Whitney Gould, a longtime architecture critic for the Milwaukee Journal Sentinel and a 1974 Nieman Fellow, died at her home in Milwaukee in early December. She was 76.
Early in her career, Gould was one of Wisconsin’s first environmental reporters, and her award-winning coverage helped lead to the banning of the pesticide DDT. Gould was best known as the influential urban landscape writer and architecture critic for the Milwaukee Journal Sentinel, a position she held from 1995 until her retirement in 2007.
Mary Louise Schumacher, a former art and architecture critic at the Milwaukee Journal Sentinel and a 2017 Nieman Fellow, said, “For years, architects, city planners and designers across Milwaukee braced themselves for the paper on Mondays, when Whitney’s columns would appear. She was incredibly tough, a force, but known for her fairness and generosity, too.”
Born and raised in Madison, Gould attended UW-Madison, where she wrote a humor column—called “Solid Gould”—for The Daily Cardinal student newspaper. Following her graduation in 1965 with a degree in art history and German, she briefly pursued graduate studies in art history at Columbia University and wrote ad copy for J.C. Penny. She returned to Madison and—following in the footsteps of her mother, Elizabeth Gould, who was an art and music critic for the Wisconsin State Journal—began her journalism career in 1966 at The Capital Times as a general assignment reporter. She soon became Madison’s first environmental reporter, providing substantial coverage of how DDT was impacting animal and bird life.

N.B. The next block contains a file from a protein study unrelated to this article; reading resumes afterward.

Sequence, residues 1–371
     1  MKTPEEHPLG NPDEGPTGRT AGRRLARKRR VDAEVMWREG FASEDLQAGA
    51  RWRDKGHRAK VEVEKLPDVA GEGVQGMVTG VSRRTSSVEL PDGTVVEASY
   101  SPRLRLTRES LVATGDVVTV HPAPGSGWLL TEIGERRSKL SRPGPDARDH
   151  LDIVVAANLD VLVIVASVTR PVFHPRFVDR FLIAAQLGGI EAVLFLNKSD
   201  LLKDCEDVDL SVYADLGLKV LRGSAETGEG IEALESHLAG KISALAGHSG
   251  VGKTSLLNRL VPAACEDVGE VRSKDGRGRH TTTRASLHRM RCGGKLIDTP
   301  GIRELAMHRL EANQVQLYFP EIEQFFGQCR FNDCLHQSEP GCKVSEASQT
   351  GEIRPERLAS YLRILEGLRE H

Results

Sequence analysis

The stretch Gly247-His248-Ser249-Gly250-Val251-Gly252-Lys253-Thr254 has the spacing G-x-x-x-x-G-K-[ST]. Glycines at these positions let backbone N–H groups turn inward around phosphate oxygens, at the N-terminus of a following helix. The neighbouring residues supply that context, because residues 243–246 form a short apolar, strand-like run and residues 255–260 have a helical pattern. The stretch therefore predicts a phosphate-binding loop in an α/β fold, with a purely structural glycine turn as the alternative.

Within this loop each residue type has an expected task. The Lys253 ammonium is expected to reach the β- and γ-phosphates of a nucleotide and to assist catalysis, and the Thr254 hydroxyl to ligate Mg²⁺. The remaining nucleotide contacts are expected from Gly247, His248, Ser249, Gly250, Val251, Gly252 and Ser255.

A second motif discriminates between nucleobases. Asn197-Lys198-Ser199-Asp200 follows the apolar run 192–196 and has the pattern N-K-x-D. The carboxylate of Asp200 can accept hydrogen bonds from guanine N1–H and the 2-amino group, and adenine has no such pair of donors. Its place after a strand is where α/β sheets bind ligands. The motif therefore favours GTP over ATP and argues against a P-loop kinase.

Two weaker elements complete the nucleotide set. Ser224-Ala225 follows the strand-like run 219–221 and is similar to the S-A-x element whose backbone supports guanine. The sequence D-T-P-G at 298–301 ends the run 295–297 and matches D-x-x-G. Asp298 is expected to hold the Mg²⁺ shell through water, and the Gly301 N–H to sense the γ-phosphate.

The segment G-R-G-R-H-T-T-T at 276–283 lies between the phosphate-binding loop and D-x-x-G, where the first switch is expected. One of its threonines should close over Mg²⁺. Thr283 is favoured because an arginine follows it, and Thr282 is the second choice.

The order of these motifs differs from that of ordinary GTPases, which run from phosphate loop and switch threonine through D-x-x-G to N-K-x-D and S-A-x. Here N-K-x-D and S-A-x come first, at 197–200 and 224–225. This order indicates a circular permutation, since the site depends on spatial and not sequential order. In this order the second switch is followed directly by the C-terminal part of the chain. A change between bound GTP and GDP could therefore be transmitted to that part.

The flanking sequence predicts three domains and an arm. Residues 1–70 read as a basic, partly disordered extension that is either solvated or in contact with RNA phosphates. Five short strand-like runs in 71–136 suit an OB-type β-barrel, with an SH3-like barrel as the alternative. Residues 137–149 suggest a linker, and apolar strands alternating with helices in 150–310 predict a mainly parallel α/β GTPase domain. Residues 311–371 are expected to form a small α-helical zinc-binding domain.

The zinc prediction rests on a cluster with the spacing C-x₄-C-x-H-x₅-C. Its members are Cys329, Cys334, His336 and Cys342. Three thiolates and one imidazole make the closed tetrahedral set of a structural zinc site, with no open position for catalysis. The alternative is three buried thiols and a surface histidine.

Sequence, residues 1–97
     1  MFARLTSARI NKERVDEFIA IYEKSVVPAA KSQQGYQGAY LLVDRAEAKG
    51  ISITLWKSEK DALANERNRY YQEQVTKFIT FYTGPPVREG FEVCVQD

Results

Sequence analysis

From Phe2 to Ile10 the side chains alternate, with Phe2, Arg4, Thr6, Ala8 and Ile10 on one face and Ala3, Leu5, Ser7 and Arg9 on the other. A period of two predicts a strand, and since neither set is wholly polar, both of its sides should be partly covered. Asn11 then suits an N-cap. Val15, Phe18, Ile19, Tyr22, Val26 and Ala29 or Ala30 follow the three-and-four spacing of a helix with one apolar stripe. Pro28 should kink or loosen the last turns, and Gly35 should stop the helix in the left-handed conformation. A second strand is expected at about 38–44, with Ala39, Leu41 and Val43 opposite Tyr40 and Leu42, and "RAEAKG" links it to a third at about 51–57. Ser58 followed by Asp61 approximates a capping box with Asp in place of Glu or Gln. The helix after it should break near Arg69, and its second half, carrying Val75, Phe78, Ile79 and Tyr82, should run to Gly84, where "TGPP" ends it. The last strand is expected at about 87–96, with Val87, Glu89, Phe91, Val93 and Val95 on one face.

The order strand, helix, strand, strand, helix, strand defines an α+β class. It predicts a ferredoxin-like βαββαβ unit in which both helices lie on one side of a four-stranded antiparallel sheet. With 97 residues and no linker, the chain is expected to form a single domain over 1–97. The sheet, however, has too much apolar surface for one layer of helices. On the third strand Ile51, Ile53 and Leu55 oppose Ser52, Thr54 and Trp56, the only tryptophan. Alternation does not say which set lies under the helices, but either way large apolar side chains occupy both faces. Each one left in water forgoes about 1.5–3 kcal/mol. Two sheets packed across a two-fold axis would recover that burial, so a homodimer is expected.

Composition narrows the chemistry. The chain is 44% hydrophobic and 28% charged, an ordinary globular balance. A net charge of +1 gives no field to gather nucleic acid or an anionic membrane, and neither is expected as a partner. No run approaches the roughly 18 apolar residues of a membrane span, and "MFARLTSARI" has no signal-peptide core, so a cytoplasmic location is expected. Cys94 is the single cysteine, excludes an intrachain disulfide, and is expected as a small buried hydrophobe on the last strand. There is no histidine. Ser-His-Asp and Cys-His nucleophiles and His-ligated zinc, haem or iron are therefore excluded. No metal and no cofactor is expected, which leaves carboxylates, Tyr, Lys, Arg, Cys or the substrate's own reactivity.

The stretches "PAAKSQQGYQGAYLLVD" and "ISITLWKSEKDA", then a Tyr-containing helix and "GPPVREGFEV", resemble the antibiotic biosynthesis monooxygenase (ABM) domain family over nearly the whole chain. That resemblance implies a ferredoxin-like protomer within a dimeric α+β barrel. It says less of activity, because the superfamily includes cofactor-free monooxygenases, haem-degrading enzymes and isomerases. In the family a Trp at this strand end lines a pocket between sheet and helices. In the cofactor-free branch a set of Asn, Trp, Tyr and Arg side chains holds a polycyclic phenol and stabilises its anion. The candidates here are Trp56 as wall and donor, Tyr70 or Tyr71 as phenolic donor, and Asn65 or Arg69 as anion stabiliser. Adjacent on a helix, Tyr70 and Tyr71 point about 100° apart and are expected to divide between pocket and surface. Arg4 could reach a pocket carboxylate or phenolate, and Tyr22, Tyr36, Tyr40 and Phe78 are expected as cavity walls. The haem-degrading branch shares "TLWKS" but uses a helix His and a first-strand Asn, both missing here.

After a stint as The Capital Times’s editorial page editor following her Nieman fellowship year, Gould joined the Milwaukee Journal as an editorial writer in 1984. The Journal merged with its sister paper, the Milwaukee Sentinel, in 1995, and she became the Milwaukee Journal Sentinel’s first urban landscape writer and architecture critic. After her 2007 retirement, she remained an active Milwaukee citizen as a member of the City Plan Commission.
Gould is survived by her sister, Penny, and a niece.